By mid-October, it appeared that the negotiations had all but failed. In a press release issued after the European Council (Heads of Government) on 15 October, the Council said that „progress on key issues of interest to the Union is still not sufficient to reach an agreement“ and „calls on the United Kingdom to take the necessary steps to reach an agreement“.  The next day, the British government replied that there would be „no more trade and security negotiations if the EU did not adopt a fundamental change“ and that the UK would prepare for trade under WTO terms.  „The trade negotiations are over – [the EU] effectively ended them yesterday by saying they did not want to change their negotiating position,“ a spokesperson told the Guardian.  On the same day, the British negotiator Frost withdrew his invitation to Barnier for the tenth round of talks that would begin on 19 October in London, but they will keep the channels of communication open.  After a week that theGuardian described as „theatricality,“ negotiations resumed on 22 October.  In summary, on the state of the negotiations at the end of the month, the Financial Times journalist wrote that „those involved in the negotiations stated that intensive discussions in London earlier this week had made considerable progress in drafting the treaty text, but that real progress on the outstanding issues remained difficult to find.“  On 18 October, seventeen professional associations, including the Confederation of British Industry, intervened to push the parties to an urgent agreement: „From sectors ranging from the automotive industry to aviation, to the chemical industry, through the creative industries, agriculture and the food industry, to pharmaceuticals, the guarantee of a rapid agreement is of great importance for jobs and livelihoods.“  Find out which trade agreements the UK is negotiating and what trade agreements the UK has already signed. The government has established the Strategic Trade Advisory Group and a network of Experts Trade Advisory Groups to support the development of our trade policies and negotiations. Meanwhile, the ninth round of negotiations (started at the end of September) ended on 2 October with no tangible progress. In a public statement, Barnier said there was „continued convergence in trade in goods, services and investment, civil nuclear cooperation and participation in EU programmes“; „new positive developments on issues such as aviation security, social security coordination and respect for fundamental rights and individual freedoms“; „the lack of progress on some important issues, such as data protection, climate change commitments or carbon pricing.“  However, there have been „serious persistent divergences on issues of great importance to the European Union,“ including „strong long-term guarantees of open and fair competition,“ „strong dispute control and settlement mechanisms and effective remedial measures“ and „a stable, sustainable and long-term fisheries agreement.“  The UK is also trying to replicate the effects of existing EU trade agreements when they no longer apply to the UK. These are called continuity agreements. The issue of bringing legislation closer together is that the EU believes that the UK complies with EU rules (product safety, environmental protection, workers` rights, subsidies, etc.). The United Kingdom says it will not do so.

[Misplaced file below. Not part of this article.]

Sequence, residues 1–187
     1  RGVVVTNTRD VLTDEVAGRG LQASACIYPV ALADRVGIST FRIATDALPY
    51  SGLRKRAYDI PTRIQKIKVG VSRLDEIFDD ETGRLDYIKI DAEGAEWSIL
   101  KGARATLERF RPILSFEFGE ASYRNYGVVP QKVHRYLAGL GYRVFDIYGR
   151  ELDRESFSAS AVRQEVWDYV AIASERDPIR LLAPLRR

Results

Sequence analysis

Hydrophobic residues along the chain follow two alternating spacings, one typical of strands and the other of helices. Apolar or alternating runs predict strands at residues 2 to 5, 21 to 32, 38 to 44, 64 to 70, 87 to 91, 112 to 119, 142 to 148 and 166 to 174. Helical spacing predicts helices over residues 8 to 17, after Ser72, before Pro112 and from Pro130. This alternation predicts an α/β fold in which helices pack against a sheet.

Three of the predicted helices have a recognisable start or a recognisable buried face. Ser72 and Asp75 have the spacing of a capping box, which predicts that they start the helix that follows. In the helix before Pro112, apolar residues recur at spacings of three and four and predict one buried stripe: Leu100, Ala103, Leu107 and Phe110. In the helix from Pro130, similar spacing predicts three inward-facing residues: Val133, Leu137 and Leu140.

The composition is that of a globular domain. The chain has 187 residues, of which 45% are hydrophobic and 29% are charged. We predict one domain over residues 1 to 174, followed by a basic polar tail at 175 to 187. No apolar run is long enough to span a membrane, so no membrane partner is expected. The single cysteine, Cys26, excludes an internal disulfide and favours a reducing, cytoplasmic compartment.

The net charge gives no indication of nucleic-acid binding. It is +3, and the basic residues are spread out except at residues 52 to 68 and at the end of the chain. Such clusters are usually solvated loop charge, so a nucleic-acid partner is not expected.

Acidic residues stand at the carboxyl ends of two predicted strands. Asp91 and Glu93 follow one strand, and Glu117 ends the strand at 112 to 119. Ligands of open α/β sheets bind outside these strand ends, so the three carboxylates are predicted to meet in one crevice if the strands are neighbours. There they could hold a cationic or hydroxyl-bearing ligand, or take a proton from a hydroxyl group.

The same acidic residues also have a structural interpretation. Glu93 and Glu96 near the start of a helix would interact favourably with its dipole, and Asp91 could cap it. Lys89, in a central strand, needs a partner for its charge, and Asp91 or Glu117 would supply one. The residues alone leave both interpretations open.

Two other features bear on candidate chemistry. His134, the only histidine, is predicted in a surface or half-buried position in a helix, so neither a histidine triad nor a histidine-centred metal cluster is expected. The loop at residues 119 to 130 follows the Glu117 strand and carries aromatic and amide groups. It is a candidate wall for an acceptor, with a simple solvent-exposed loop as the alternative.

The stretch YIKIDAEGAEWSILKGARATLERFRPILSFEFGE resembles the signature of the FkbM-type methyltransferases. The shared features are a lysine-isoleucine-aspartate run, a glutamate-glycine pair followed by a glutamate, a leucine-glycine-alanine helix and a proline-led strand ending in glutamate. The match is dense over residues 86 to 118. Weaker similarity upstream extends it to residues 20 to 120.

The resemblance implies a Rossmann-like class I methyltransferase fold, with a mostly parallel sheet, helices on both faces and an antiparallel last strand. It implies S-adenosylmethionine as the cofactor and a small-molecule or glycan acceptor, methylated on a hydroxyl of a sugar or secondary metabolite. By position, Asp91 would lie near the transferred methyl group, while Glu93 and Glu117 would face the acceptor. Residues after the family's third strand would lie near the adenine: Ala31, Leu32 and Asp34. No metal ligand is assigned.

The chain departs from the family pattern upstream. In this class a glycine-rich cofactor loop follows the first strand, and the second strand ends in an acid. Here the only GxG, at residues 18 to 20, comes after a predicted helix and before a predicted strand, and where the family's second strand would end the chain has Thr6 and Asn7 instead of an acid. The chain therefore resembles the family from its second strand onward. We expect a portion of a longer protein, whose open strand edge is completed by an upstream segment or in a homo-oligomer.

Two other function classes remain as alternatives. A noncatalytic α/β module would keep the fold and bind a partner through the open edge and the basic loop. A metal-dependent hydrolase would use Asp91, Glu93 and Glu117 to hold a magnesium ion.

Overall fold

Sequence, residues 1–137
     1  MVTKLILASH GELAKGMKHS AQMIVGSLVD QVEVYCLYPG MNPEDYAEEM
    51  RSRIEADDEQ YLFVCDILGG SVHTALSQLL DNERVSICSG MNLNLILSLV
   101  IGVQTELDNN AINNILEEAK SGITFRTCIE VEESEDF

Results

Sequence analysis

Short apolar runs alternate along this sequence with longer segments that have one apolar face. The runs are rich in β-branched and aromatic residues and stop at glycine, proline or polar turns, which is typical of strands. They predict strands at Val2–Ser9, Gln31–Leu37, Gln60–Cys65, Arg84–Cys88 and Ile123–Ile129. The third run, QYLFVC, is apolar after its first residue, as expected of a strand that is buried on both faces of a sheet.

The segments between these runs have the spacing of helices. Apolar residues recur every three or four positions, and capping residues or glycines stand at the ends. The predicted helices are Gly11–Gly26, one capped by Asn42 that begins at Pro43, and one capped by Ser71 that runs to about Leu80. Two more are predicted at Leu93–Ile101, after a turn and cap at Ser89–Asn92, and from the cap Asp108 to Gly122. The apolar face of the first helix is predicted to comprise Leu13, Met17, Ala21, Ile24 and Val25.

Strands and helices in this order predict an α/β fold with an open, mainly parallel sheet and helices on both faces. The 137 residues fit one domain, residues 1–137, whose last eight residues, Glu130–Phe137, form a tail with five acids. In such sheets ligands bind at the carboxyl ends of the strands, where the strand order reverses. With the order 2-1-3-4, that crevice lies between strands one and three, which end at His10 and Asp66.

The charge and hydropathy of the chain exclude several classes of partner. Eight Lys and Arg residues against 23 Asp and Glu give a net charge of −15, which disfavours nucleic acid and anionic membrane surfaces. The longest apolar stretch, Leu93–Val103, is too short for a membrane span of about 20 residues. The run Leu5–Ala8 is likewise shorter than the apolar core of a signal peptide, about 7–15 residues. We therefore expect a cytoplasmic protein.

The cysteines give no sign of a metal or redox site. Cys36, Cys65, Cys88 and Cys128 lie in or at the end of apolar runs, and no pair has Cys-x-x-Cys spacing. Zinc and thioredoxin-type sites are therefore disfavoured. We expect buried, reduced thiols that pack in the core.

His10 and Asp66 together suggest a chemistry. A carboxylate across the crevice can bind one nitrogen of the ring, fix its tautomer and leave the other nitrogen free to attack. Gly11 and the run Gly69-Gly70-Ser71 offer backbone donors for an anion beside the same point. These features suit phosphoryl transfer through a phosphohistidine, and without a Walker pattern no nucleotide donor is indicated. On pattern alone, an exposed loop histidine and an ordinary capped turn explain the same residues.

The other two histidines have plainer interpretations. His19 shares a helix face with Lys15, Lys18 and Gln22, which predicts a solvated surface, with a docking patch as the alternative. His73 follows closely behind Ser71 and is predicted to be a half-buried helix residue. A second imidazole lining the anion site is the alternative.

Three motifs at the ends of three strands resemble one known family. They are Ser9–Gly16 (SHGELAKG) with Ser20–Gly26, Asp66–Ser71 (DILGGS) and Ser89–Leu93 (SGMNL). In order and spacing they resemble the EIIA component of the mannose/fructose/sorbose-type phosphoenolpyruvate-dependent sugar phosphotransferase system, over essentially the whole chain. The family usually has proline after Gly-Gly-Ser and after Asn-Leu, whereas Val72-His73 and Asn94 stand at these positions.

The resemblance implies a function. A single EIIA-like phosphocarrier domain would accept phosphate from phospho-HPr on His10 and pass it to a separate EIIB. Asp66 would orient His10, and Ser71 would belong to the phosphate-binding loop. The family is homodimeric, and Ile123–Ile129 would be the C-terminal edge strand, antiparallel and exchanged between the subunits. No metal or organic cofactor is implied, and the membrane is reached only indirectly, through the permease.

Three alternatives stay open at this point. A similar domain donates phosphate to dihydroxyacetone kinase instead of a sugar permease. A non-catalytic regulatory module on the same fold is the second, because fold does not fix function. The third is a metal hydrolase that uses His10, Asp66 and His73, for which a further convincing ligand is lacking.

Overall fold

The withdrawal agreement recognises that in Britain the standards will be different from those of the EU in many respects (with the loss of trade privileges in these areas), with Northern Ireland enjoying special status to keep the Irish border open. „No additional continuity agreement was reached in the first eight months of 2020 and, in their exchange of letters with the Shadow International Trade Team, representatives of Cameroon`s countries in Montenegro indicated that no formal discussion had yet been held